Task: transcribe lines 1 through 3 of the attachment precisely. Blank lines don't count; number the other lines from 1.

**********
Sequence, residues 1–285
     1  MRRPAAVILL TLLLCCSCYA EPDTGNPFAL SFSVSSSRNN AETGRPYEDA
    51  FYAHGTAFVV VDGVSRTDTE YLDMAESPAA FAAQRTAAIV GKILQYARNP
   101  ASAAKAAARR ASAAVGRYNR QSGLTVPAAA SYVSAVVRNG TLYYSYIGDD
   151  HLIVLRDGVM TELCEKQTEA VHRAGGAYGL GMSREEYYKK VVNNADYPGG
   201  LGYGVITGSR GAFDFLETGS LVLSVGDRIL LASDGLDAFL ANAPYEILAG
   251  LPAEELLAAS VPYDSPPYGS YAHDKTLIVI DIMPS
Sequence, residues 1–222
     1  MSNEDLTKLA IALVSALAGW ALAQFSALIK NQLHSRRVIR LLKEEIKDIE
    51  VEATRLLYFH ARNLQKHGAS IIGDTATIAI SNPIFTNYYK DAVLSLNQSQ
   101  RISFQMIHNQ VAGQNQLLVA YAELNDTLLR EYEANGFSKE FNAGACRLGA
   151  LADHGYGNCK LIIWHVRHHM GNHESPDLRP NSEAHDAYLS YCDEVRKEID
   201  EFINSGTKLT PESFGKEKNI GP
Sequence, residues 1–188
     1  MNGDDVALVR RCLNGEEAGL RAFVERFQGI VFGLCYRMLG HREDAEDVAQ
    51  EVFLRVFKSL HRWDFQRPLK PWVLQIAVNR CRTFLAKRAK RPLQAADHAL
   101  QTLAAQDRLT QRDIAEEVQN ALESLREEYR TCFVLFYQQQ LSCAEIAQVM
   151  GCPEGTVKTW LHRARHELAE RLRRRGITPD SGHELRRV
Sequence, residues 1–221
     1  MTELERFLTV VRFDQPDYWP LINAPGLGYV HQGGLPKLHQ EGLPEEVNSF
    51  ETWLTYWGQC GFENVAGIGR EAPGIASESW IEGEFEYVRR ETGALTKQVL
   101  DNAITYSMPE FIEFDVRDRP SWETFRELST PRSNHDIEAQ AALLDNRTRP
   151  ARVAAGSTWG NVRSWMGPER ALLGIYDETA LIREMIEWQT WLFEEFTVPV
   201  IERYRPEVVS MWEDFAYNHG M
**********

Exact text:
Sequence, residues 1–285
     1  MRRPAAVILL TLLLCCSCYA EPDTGNPFAL SFSVSSSRNN AETGRPYEDA
    51  FYAHGTAFVV VDGVSRTDTE YLDMAESPAA FAAQRTAAIV GKILQYARNP